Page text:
FutureGen

Bill Wheelhouse/WUIS

Illinois' top two Republicans say they're disappointed the Federal government has halted funding for the future gen project in the region.

Governor Bruce Rauner and U.S. Senator Mark Kirk released a statement on the public-private coal project at Meredosia. 

They say the Fed's decision will block advancements in  so called "clean coal" efforts and bringing jobs to the region.   The two say they won't give up on the technology and bringing new jobs to the state.

WUIS

The Sierra Club is appealing an Illinois regulators' conclusion that the pollution controls for the FutureGen clean-coal project are adequate.  

The Sierra Club said in a news release Thursday that it has filed a state-court appeal of the Illinois Pollution Control Board's decision to allow the FutureGen project to proceed. The board last month rejected the environmental group's claim.  

The coal companies working on the FutureGen project, known as the FutureGen Alliance, did not immediately respond to a request for comment.  

WUIS

The U.S. Environmental Protection Agency approved permits for the FutureGen coal project to store carbon dioxide underground.

The permits approved Tuesday are a key piece of the project. FutureGen aims to capture carbon dioxide from coal at a power plant in western Illinois and store it. Carbon dioxide is a greenhouse gas linked to climate change.  
The EPA said the permits are the first of this type for carbon sequestration.  

Dick Durbin
Brian Mackey/WUIS

As Democrats in coal states rush to distance themselves from new federal regulations intended to address global warming — Senator Dick Durbin says Illinois is in a good position among coal-producing states.

The Environmental Protection Agency under President Obama says states have to gradually cut carbon pollution from power plants by 30 percent based on 2005 levels.

Bill Wheelhouse/WUIS

U.S. Sen. Dick Durbin says he met with Secretary of Energy Ernest Moniz to discuss the FutureGen clean-coal project.  

Durbin said in a news release that he met with Moniz on Wednesday to discuss the department's commitment to the long-planned public-private project. Durbin said he stressed the importance he sees in keeping it on track.  

The department is providing $1 billion to the $1.68 billion project.  

WUIS

The U.S. Environmental Protection Agency is accepting public comments on a plan to inject carbon dioxide beneath west central Illinois.

FutureGen Industrial Alliance wants to capture carbon dioxide from a coal-burning power plant in the Morgan County village of Meredosia, then inject it into underground wells near Jacksonville, about 20 miles to the east.  

WUIS

Illinois regulators have given the FutureGen Alliance the go-ahead for a 30-mile carbon dioxide pipeline.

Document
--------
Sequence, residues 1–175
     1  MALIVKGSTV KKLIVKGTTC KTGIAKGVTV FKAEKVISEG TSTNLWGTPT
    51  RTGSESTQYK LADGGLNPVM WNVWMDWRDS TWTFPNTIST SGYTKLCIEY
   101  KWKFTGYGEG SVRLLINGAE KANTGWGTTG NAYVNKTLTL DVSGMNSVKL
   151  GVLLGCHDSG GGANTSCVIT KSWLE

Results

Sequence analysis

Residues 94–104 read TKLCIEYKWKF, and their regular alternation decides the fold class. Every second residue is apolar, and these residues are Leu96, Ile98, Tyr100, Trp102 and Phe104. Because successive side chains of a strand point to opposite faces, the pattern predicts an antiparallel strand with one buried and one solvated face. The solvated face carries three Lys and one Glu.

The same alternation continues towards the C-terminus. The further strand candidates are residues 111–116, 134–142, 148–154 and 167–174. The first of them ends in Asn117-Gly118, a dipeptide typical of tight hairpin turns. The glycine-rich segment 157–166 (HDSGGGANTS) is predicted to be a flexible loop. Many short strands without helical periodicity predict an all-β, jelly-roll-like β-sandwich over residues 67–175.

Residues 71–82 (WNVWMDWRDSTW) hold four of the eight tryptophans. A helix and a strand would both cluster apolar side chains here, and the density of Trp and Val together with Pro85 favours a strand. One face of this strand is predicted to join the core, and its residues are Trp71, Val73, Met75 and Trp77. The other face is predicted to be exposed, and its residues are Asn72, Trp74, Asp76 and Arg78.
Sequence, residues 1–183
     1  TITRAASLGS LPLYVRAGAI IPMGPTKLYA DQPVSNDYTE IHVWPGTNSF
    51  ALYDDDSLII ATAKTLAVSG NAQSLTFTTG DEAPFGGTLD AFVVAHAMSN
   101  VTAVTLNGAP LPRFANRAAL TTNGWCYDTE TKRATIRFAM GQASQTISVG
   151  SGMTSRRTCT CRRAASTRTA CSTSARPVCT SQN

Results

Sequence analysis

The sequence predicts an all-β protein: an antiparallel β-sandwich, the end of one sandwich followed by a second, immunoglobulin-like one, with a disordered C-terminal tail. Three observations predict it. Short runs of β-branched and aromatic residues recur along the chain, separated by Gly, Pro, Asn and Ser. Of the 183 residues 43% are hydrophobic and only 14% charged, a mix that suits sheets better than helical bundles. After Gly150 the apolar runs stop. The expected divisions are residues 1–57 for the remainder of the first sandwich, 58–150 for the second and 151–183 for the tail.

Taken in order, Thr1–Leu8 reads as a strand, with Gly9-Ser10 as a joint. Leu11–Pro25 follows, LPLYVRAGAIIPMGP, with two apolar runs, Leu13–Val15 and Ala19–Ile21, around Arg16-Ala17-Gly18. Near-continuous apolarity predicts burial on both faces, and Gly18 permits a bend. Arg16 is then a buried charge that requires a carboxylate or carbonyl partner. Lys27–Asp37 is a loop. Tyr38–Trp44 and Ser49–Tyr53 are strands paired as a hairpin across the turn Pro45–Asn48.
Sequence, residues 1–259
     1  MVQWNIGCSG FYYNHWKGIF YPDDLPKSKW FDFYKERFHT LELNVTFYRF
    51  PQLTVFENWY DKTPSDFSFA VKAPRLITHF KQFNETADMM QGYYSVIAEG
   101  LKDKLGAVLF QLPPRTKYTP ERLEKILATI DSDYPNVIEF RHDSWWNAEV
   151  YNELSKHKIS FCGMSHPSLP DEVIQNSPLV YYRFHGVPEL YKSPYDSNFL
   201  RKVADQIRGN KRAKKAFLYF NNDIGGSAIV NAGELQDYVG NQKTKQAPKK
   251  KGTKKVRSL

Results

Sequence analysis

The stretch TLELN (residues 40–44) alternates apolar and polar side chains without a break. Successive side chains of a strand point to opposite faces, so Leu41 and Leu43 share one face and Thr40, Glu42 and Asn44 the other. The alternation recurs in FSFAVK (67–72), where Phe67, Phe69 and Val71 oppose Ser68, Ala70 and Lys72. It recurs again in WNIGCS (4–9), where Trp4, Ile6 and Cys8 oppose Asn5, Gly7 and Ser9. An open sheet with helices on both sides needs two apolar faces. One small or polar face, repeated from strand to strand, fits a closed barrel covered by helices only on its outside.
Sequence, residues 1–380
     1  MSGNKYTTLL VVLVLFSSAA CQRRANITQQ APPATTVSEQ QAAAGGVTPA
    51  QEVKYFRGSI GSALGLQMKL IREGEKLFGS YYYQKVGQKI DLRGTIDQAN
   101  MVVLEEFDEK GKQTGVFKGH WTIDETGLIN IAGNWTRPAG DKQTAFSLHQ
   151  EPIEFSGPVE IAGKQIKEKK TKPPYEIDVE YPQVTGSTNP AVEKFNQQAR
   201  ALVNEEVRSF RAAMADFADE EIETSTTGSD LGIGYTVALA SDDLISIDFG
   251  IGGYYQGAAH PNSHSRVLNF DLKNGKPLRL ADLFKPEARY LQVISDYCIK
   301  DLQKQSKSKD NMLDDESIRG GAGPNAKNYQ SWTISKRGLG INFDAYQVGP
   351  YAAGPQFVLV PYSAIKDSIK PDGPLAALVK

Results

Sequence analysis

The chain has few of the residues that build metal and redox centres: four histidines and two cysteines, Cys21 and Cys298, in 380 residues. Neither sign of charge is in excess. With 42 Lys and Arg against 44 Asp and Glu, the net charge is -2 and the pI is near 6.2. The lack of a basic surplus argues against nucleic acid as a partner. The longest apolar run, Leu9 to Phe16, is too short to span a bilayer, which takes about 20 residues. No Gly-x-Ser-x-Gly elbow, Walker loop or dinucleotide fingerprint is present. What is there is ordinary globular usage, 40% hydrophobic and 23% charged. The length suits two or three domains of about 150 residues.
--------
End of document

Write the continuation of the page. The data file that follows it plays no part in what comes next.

The  State Journal-Register reports  the pipeline would be buried at least four feet underground in northeast Morgan County. It'd be even deeper under farmland.  

The $1.68 billion project will refit a coal-fired power plant in Meredosia  in western Illinois. Authorities want to remove carbon dioxide from the coal and store it underground. The greenhouse gas is linked to climate change.  

WUIS

The U.S. Department of Energy has given the long-running FutureGen clean-coal project one of the final OKs it needs to start building.  

Federal Report Supports FutureGen

Oct 31, 2013
Bill Wheelhouse/WUIS

A final recommendation is still pending but the U.S. Department of Energy has said in a report that the FutureGen project in Morgan County should go ahead.  
The agency released the final environmental study on Wednesday. It says the clean-coal project should receive $1 billion in federal funding. The State Journal-Register reports (http://bit.ly/17uijEH) a final decision on if the $1.65 billion project should come by the end of the year.  

SJ-R

Amanda Vinicky talks with Tim Landis, Business Editor for the State Journal Register. We'll talk about Illinois' growing, and spreading, wine industry.  And what to do about high-accident intersections.  That and more in this week's Business Report.

You can read the latest stories Landis is working on daily in the SJR. 

Jamey Dunn
WUIS/Illinois Issues

Everywhere you looked when you drove up the main drag of my hometown, Mattoon, in the fall of 2007, you could see signs outside of businesses saying, “Welcome FutureGen.” 

An artist’s depiction of FutureGen, the near-zero emissions coal plant proposed for construction in Mattoon.
WUIS/Illinois Issues

Although concern over climate change has escalated in recent years, America won’t stop burning coal anytime soon. Coal-fired power plants generate half the nation’s electricity, while creating more than a quarter of all the harmful carbon dioxide pollution in the United States.